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The Accidental Billionaires: The Founding of Facebook: A Tale of Sex, Money, Genius and Betrayal Paperback – September 28, 2010
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“Uproarious. . . . Stimulating enough to keep even an unmedicated narcoleptic awake.”
—The Washington Times
“Mezrich’s prose has a cinematic flavor.”
—The Boston Globe
“You won’t be able to put the book down. The story’s far too compelling, and entirely too personal, to toss aside.”
About the Author
Ben Mezrich, a Harvard graduate, is the author of eleven books, including the international bestseller Bringing Down the House, which spent sixty-three weeks on the New York Times bestseller list and was made into the movie 21, starring Kevin Spacey. He is a columnist for Boston Common and a contributor to Flush magazine. Ben lives in Boston with his wife, Tonya.
Mezrich's next book, Sex on the Moon, will be published in summer 2011.
Visit the author's website at www.benmezrich.com.
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In comparison, I must admit that many of the "dramatic" scenes and heated confrontations in the movie were left out of the book, which leads me to wonder about the accuracy of the movie.
Nevertheless, I found this book to be a great and enjoyable read. I also find it very diplomatic and fair to all sides. When analyzing the book, one can make strong cases for all sides of the dispute including Mark Zuckerberg.
My only issue is that I wish the author could have focused more on the business and growth aspects instead on the gossip and tabloid stuff. It would have been great to get a better look at Facebook the company over the first couple years, instead of Facebook, the dorm room prank-turn-business.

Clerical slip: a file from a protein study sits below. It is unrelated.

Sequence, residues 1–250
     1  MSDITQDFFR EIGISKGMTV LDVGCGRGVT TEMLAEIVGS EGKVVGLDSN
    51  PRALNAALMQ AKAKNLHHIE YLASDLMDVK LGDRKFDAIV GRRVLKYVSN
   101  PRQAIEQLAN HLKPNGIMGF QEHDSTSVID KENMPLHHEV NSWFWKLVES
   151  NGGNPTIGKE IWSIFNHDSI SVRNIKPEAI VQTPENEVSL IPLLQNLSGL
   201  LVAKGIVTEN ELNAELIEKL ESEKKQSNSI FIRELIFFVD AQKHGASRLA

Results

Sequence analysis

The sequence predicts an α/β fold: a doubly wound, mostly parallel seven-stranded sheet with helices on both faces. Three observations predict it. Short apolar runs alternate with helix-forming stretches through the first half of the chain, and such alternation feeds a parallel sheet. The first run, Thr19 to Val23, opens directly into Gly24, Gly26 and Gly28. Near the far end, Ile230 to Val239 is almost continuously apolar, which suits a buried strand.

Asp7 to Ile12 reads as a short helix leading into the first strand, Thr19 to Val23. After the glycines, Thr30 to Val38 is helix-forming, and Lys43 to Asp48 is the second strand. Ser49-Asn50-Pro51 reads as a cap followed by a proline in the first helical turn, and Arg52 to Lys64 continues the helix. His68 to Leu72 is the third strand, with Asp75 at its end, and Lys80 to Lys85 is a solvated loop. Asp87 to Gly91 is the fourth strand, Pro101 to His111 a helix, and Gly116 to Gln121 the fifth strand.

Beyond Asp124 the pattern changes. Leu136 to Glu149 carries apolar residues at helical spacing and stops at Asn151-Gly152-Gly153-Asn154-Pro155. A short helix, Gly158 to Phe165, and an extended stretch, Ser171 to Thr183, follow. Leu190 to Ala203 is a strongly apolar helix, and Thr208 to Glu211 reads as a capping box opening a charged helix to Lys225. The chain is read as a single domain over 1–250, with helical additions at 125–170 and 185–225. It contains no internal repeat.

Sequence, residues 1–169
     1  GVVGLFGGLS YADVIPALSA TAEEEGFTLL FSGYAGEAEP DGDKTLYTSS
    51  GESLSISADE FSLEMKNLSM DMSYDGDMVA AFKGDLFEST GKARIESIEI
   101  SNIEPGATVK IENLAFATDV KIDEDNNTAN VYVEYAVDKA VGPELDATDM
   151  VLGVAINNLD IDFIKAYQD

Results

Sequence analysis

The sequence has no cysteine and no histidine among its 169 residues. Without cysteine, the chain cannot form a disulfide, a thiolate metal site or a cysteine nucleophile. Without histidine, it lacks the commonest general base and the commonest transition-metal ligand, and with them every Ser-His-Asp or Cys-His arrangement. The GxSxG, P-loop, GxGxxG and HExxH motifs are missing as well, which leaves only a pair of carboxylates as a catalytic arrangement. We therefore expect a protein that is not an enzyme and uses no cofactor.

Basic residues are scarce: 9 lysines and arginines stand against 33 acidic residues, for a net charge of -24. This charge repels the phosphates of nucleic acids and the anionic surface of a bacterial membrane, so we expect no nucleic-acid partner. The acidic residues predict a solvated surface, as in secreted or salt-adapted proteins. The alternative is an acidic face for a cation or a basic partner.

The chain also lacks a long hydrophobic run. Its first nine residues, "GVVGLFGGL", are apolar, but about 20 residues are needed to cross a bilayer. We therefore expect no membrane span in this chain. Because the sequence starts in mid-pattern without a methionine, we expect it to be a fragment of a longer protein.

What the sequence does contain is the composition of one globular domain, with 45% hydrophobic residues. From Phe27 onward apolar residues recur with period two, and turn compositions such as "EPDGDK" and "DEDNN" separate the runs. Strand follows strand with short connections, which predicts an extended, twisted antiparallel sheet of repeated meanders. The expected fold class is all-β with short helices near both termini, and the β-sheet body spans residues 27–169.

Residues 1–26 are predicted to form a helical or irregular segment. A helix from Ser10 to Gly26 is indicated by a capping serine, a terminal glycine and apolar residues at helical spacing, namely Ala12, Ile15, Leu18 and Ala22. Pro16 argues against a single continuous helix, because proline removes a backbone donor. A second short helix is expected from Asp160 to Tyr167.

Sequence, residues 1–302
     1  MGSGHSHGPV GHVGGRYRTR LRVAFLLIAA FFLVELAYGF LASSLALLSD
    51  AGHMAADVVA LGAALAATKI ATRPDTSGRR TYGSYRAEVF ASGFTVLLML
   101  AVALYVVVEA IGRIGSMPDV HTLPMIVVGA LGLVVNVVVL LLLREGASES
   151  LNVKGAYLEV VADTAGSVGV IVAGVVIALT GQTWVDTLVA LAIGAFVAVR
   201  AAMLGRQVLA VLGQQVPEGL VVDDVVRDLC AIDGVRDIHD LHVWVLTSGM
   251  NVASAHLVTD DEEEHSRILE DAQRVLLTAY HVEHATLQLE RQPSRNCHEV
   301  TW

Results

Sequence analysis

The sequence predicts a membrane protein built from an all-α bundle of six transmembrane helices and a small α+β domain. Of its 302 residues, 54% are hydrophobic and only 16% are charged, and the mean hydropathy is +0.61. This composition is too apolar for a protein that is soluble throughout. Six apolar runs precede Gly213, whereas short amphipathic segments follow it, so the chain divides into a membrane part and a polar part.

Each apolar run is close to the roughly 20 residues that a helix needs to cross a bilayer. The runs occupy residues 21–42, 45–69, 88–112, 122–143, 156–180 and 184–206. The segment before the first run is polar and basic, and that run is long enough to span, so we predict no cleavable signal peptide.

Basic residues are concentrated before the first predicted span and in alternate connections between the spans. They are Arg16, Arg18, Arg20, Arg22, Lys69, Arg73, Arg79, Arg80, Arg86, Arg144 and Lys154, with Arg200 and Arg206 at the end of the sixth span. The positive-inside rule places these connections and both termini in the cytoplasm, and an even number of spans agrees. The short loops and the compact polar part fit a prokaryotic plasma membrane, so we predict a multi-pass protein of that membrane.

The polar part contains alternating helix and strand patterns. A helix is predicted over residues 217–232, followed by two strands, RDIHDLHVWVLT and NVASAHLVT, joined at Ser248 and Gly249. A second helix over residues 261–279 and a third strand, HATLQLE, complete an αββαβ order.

Overall, this book is an enjoyable and easy read and I highly recommend it.
Facebook is really one of the best ideas a person(s) could come up with. It brings people whom have never seen each other in years, together. It keeps you connected to family/friends you don't normally see often. And for a writer like me, it's a great tool to showcase my writings.
But with all great ideas, it has its share of cons. Facebook is intrusive. It tears family/friends/and relationships apart. It's a distraction for many people. And everything that a person does on facebook could affect their school/work.
The story behind facebook is as compelling as the idea itself. And like great ideas, many people are attached to the facebook story, connected to a large network that created this success story. There are already tons and tons of books about the subject matter. And, I am sure, there will be tons and tons of more books to come...
The Accidental Billionaires is the most commercially well-known book out there, which tells the story of Mark Zuckerberg and facebook. This book, written by Ben Mezrich, is not a great book. Bits and pieces read really good, and I especially enjoyed those moments when Mezrich describes a setting. I love reading books that are detailed in surroundings. That's how I write.
But what I did not enjoy reading was over-explaining of situations. Let me put it this way. This book is written in two styles. In narrative form, and in essay form (in other words, reads like a wikipedia article). How this mixed-bag book inspired one of the best movies of 2010 is beyond me! Surly, the way this book was written, and not picturing The Social Network, I could see The CW make a mediocre made-for-TV movie off this book! Luckily, that didn't happen!
Some people consider this book tabloid trash. I wouldn't go that far. This is no biography, or autobiography, and there is no question that some things were stretched a little bit. But I do admire Mezrich's courage to write this. He took a story that wasn't easy to write to begin with, and did his own thing. The stronger points of the book are the narrative side. I look at it as, `loosely based,' `inspired by,' rather than `TRUE STORY!'
The Social Network does tell the story better. Very rarely do you hear, THE MOVIE IS BETTER! And indeed, the movie is better. But you can't deny this book's impact, much like facebook.
Which means, I do recommend this book. It isn't a great read. But it was quite enjoyable (and like the movie, quite enticing).
That said I think you can still enjoy the book, especially if you're a huge fan of the movie. It may be written in an awkward manner (and it annoyed me too at first) but once you get past that the story is interesting and enjoyable. A great companion to the film for fans and an interesting read for those with a casual interest.
I'd recommend The Facebook Effect for those who've seen the movie and don't want to pretty much read the film on paper.
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and I am still looking for many more.